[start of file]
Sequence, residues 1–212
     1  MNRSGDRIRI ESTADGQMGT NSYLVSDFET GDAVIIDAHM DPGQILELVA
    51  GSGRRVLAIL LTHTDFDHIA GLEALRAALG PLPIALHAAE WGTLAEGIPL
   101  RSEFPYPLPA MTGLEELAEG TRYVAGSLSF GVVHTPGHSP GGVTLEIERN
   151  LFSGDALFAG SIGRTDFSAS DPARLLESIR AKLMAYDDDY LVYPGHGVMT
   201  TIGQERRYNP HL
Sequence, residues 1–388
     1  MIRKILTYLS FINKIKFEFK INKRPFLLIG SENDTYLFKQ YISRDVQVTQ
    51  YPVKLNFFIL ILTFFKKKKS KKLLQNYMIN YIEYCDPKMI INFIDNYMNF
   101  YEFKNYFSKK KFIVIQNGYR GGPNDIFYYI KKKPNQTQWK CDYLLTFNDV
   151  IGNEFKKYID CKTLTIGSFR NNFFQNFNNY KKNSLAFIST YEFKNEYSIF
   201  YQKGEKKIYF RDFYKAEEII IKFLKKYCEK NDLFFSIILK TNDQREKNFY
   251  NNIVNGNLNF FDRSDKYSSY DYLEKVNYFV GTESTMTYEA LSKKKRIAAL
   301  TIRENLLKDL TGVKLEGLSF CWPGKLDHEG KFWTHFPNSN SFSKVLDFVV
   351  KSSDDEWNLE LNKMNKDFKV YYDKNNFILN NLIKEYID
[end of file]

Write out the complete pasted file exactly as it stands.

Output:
Sequence, residues 1–212
     1  MNRSGDRIRI ESTADGQMGT NSYLVSDFET GDAVIIDAHM DPGQILELVA
    51  GSGRRVLAIL LTHTDFDHIA GLEALRAALG PLPIALHAAE WGTLAEGIPL
   101  RSEFPYPLPA MTGLEELAEG TRYVAGSLSF GVVHTPGHSP GGVTLEIERN
   151  LFSGDALFAG SIGRTDFSAS DPARLLESIR AKLMAYDDDY LVYPGHGVMT
   201  TIGQERRYNP HL
Sequence, residues 1–388
     1  MIRKILTYLS FINKIKFEFK INKRPFLLIG SENDTYLFKQ YISRDVQVTQ
    51  YPVKLNFFIL ILTFFKKKKS KKLLQNYMIN YIEYCDPKMI INFIDNYMNF
   101  YEFKNYFSKK KFIVIQNGYR GGPNDIFYYI KKKPNQTQWK CDYLLTFNDV
   151  IGNEFKKYID CKTLTIGSFR NNFFQNFNNY KKNSLAFIST YEFKNEYSIF
   201  YQKGEKKIYF RDFYKAEEII IKFLKKYCEK NDLFFSIILK TNDQREKNFY
   251  NNIVNGNLNF FDRSDKYSSY DYLEKVNYFV GTESTMTYEA LSKKKRIAAL
   301  TIRENLLKDL TGVKLEGLSF CWPGKLDHEG KFWTHFPNSN SFSKVLDFVV
   351  KSSDDEWNLE LNKMNKDFKV YYDKNNFILN NLIKEYID